[PATCH review 11/11] mnt: Honor MNT_LOCKED when detaching mounts

Eric W. Biederman ebiederm at xmission.com
Wed Jan 7 19:53:12 UTC 2015

Al Viro <viro at ZenIV.linux.org.uk> writes:

> On Wed, Jan 07, 2015 at 06:43:34PM +0000, Al Viro wrote:
>> On Mon, Jan 05, 2015 at 02:46:27PM -0600, Eric W. Biederman wrote:
>> > Modify umount(MNT_DETACH) to keep mounts in the hash table that are
>> > locked to their parent mounts, when the parent is lazily unmounted.
>> > In doing this invert the reference count so that the parent holds a
>> > reference to the children instead of the children holding a reference
>> > to the parent.
>> > 
>> > Then in mntput_no_expire detach the children and in cleanup_mnt mntput
>> > the children and dput the dentry they were mounted on.
>> > 
>> > In __detach_mounts if there are any mounts that have been unmounted
>> > but still are on the list of mounts of a mountpoint, detach those
>> > mounts and schedule them to be mntput and their reference to the dentry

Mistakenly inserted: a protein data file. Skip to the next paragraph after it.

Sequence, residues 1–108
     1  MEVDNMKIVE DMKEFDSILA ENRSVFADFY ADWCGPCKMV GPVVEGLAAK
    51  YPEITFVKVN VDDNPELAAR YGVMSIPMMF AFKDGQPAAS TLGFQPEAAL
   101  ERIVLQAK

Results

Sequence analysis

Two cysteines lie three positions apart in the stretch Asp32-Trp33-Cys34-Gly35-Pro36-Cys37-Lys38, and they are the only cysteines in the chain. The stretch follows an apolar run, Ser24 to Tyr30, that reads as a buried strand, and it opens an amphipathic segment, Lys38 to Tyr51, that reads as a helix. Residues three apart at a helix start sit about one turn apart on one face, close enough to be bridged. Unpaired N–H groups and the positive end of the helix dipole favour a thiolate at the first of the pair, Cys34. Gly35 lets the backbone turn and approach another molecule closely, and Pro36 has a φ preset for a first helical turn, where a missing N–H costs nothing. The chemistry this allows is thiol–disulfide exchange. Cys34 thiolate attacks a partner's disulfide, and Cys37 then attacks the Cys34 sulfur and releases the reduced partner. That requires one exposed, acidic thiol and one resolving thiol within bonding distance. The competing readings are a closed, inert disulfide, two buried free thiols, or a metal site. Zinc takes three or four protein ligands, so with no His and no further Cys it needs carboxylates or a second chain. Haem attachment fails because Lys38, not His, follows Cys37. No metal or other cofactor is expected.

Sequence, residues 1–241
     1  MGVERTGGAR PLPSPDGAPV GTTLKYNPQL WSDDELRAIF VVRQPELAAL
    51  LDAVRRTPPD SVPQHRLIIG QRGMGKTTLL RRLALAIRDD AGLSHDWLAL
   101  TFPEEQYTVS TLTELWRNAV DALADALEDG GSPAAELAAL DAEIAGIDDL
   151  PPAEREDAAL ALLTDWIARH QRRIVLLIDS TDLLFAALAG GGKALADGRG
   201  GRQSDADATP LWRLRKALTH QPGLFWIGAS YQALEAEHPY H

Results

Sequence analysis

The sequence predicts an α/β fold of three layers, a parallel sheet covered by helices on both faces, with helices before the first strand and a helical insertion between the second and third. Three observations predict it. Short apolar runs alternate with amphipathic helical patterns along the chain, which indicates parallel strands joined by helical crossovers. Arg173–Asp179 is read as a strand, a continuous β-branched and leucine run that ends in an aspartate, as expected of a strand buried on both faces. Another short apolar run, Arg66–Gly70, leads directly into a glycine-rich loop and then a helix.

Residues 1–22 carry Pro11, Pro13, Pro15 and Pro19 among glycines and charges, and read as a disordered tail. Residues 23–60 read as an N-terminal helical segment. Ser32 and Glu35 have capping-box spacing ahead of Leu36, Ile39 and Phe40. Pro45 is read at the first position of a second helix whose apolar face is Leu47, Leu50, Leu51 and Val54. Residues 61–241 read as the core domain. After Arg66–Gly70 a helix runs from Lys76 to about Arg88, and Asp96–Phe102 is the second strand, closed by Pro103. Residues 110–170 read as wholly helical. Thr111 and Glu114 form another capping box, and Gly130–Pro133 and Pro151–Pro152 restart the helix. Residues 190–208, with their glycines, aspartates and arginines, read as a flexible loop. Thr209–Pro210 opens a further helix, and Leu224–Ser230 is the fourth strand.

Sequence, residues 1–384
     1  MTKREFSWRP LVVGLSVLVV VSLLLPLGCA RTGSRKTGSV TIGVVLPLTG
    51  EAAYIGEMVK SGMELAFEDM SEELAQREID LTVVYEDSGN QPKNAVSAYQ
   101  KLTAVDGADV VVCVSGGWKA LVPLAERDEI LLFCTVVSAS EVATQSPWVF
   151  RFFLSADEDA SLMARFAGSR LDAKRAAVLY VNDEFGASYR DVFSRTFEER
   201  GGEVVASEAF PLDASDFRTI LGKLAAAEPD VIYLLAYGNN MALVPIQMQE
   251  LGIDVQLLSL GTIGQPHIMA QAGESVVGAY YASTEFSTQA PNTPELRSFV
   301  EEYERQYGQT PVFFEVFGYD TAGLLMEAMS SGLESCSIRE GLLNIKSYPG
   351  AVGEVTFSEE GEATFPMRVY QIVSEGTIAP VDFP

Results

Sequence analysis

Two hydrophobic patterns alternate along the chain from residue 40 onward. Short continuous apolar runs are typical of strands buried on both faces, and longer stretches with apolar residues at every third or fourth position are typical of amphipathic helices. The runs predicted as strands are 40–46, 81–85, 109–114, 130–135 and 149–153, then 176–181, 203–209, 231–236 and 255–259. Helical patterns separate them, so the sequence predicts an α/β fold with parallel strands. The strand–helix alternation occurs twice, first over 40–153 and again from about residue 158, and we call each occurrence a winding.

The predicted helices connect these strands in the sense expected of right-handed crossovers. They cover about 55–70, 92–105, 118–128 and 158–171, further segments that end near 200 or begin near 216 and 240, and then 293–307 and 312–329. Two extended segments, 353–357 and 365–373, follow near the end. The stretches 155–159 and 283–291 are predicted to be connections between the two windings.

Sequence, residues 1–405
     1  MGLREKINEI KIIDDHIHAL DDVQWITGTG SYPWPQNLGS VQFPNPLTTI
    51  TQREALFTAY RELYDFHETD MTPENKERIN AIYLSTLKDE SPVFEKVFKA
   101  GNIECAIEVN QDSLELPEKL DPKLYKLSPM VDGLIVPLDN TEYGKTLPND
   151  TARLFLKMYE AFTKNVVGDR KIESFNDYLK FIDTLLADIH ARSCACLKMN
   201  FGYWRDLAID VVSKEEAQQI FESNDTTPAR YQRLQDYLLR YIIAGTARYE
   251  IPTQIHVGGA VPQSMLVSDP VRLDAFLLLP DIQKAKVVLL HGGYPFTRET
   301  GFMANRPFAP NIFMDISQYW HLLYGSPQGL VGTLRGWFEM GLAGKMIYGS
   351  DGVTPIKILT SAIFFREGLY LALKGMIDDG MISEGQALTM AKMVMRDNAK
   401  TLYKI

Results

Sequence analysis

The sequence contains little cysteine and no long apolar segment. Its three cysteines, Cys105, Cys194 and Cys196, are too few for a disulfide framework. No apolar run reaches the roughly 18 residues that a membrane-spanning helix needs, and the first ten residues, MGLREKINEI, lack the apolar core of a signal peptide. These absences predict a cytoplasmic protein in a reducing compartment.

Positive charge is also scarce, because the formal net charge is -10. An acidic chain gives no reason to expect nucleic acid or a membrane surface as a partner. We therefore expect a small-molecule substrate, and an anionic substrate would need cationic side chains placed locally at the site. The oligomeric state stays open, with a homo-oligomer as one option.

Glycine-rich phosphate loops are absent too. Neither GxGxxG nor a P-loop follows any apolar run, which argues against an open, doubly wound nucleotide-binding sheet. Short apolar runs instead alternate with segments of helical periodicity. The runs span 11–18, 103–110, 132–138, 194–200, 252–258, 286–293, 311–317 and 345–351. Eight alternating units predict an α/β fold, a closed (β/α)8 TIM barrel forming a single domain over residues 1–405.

>> > to be put when it becomes safe to sleep.
>> Explicit description of your new refcounting rules, please.
> I really hate those path_put(&p->mnt_ex_mountpoint) in the resulting code...
> Can you ever get to your mntput_children() with non-NULL ->mnt_ex_mountpoint.mnt
> in one of the survivors?  Looks like it shouldn't be possible at all...

> What's to prevent such a survivor (not contributing to the refcount of
> parent, to be dropped when parent gets killed) in the child list of a parent
> that is still normally mounted?


In the base case we know the parent is unmounted because we were called
on the parent.

In the propagation case the code goes through one pass to identify trees
where the parent -> child (MNT_LOCKED) state allows the subtree to be
unmounted and we perform the normal are all of the children gone test.

That is what the entire MNT_MARK business is about.

> And what happens if it's hit again,

If I understand the question such a mount won't be hit again because the
case you describe can't happen.

> in addition to "what does /proc/mounts of the namespace the parent's in look
> like"?

These mounts are unmounted so don't show up in /proc/mounts. 

If the umount propagates somewhere the parents can't be detached from
the propagation is discarded.  Just like we discard propagation when the
are additional children.


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